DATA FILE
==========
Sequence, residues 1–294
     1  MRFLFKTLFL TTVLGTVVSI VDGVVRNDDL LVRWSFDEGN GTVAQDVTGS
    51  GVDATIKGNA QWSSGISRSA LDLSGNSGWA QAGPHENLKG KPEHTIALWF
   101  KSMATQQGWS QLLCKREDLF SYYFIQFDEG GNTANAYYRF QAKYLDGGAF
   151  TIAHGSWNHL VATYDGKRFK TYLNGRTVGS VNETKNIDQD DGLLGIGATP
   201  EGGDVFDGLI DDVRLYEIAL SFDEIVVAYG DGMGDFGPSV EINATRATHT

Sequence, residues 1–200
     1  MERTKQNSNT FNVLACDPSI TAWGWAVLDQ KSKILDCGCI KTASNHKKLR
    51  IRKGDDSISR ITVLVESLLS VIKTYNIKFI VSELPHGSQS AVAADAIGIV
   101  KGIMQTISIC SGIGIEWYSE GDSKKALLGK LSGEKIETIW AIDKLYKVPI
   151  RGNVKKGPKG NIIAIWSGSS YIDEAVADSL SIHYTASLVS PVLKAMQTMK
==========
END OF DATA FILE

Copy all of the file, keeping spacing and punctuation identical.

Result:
Sequence, residues 1–294
     1  MRFLFKTLFL TTVLGTVVSI VDGVVRNDDL LVRWSFDEGN GTVAQDVTGS
    51  GVDATIKGNA QWSSGISRSA LDLSGNSGWA QAGPHENLKG KPEHTIALWF
   101  KSMATQQGWS QLLCKREDLF SYYFIQFDEG GNTANAYYRF QAKYLDGGAF
   151  TIAHGSWNHL VATYDGKRFK TYLNGRTVGS VNETKNIDQD DGLLGIGATP
   201  EGGDVFDGLI DDVRLYEIAL SFDEIVVAYG DGMGDFGPSV EINATRATHT

Sequence, residues 1–200
     1  MERTKQNSNT FNVLACDPSI TAWGWAVLDQ KSKILDCGCI KTASNHKKLR
    51  IRKGDDSISR ITVLVESLLS VIKTYNIKFI VSELPHGSQS AVAADAIGIV
   101  KGIMQTISIC SGIGIEWYSE GDSKKALLGK LSGEKIETIW AIDKLYKVPI
   151  RGNVKKGPKG NIIAIWSGSS YIDEAVADSL SIHYTASLVS PVLKAMQTMK